Burger King’s latest unhappy meal marketing strategy – Riffing off McDonald’s renowned ‘Happy Meal’, rival fast food giant Burger King has launched a new range of meals to coincide with Mental Health Awareness Month. #FeelYourWay, a modification of their slogan ‘Have it Your Way’, offers five new ‘unhappy’ meals to customers in Austin, Los Angeles, Miami, New York City, and Seattle. The Blue Meal, Yaaas Meal, Pissed Meal, Salty Meal, and DGAF Meal were launched alongside a video published on Twitter. The move has been largely hailed as a positive one, however Twitter user Lalo Dagach pointed out the irony of the campaign given the proven “link between fast food and depression”. It’s also not the first time Burger King has tongue-in-cheek referred to McDonald’s in their marketing this year. After McDonald’s lost the Big Mac trademark in the EU, Sweden’s menu snarked their burgers were “like a Big Mac, but actually big”. (JW)

On the move:

Haseltine Lake merges with Kempner & Partners – Forming an international company with almost 200 people, Bristol-based Haseltine Lake and Leeds-based Kempner & Partners have merged, renaming themselves as Haseltine Lake Kempner. The combined IP law firms now operate across offices in London, Munich, Bristol, Leeds, Glasgow, the Netherlands, and Guangzhou. The firms had been previously collaborating for over two years. Rolf Stein, chief executive of Haseltine Lake was quoted saying, “We see this as a real coup for our clients who have been telling us for some time that they would like us to be able to offer the full spectrum of IP services including litigation and IP transactional support. We are delighted that HL's global success has attracted one of the UK's leading IP litigation firms.” (JW)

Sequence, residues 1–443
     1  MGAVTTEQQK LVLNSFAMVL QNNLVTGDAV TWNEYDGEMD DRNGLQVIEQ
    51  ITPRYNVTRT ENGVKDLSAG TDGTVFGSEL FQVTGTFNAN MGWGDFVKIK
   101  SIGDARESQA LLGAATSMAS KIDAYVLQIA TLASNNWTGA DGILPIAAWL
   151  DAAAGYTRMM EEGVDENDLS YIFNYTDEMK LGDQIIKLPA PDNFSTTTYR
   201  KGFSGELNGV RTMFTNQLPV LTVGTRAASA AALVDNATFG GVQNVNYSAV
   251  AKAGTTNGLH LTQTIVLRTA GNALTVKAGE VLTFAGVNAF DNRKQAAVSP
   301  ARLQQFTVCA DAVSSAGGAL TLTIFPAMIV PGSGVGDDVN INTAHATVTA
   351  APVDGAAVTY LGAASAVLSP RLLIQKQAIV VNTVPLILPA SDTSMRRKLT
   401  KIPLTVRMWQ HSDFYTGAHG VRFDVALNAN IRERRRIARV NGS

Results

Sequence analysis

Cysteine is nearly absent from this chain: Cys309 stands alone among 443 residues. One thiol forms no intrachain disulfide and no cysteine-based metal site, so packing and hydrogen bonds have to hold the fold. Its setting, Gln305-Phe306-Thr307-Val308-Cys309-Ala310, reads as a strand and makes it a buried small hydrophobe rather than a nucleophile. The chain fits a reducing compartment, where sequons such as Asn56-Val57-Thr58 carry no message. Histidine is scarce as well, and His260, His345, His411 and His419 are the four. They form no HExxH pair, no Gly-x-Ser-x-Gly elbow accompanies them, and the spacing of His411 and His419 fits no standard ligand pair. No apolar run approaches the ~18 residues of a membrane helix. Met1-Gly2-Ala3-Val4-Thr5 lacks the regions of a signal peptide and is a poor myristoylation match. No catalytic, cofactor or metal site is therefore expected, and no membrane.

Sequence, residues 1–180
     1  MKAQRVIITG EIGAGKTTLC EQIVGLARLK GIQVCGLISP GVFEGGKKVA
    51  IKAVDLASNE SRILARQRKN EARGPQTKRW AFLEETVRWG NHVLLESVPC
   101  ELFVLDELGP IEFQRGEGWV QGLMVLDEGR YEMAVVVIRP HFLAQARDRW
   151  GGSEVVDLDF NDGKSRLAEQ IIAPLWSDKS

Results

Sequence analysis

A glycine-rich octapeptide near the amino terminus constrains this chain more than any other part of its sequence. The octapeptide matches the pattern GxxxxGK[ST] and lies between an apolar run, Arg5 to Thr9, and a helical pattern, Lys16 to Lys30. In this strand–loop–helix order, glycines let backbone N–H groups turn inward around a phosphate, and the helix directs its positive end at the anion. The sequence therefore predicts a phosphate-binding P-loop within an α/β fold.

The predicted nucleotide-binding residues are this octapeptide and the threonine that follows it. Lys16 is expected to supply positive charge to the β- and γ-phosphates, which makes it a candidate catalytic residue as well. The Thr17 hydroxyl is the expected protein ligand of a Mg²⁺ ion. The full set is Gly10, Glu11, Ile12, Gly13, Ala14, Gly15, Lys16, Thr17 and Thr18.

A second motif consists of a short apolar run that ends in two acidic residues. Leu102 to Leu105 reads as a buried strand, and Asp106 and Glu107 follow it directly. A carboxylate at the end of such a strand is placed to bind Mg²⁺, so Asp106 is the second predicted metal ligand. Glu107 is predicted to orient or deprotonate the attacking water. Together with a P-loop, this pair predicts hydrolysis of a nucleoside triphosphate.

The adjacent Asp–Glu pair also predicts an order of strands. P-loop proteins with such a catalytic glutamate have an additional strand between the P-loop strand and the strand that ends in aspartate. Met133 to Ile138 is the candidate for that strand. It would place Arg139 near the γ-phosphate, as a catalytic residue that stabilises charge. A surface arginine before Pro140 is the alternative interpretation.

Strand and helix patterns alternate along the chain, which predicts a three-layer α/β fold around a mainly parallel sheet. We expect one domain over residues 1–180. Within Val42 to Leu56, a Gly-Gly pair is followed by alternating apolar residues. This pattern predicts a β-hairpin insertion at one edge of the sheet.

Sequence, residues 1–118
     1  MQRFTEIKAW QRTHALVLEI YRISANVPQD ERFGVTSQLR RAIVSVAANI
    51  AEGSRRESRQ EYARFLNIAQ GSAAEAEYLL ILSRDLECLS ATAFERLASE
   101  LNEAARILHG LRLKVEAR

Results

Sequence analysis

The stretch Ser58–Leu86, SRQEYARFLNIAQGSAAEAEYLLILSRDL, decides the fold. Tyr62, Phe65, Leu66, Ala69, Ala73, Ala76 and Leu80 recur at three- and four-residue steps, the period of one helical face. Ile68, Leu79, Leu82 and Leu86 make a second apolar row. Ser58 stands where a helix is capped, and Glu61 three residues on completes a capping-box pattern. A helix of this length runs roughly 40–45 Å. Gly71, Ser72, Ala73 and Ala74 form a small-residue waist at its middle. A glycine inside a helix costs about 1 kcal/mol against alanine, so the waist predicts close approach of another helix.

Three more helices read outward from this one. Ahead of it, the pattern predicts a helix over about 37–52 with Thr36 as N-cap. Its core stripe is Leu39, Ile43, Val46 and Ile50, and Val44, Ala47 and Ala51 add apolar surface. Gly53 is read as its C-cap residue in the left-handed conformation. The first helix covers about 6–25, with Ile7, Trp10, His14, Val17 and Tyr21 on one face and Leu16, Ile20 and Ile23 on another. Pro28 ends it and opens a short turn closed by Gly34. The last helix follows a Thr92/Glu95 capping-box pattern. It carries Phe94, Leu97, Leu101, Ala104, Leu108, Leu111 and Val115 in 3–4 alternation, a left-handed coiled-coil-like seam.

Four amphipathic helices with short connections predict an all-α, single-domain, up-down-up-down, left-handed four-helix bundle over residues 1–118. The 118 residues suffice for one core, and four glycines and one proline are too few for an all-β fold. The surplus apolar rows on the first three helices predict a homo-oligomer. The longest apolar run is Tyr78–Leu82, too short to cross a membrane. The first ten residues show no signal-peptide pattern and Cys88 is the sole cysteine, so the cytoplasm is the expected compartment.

Friday catch-up:

Every Friday in our news round-up we will provide a quick rundown of the latest news, analysis and intelligence posted on WTR. Over the past week we:

  • Looked at how brands can avoid backlashes and PR blunders during India’s election;
  • Spoke with Sophie Bodet, vice president of legal brand protection and IP services at GSK, about how recent collaborations between the patent and brand teams have delivered tangible efficiencies to the wider business;
  • Congratulated Jeffrey Samuels, emeritus professor of law at the University of Akron and previously head of the USPTO’s trademark operations, for being inducted into the IP Hall of Fame;
  • Reported on this year’s Global Trademark Benchmarking Survey, which revealed that levels of trademark-related work are at a nine-year high for law firm respondents. However, even those law firms experiencing a rise in fortunes have to be mindful of the price sensitivity of clients;
  • Published research that finds entities related to serial trademark filer Michael Gleissner owe costs in nearly 30 separate UK legal cases, accounting for 37% of all unpaid costs at the UK Intellectual Property Office since the start of 2018;
  • Analysed the announcement from the government of Canada which confirmed when new regulations for plain packaging on tobacco products will come into force, as the spread of plain packaging continues at an increasingly rapid pace.

And finally…

WTR launches new-look magazine – The latest issue of WTR magazine has gone live online this week, and subscribers will note a major number of changes to the magazine and new types of content, all designed to maximise the value of their subscription. For more information on all the changes, you can view our blog here. (TJL)

Tim Lince

Senior reporter

[email protected]

Tim Lince is a senior reporter at World Trademark Review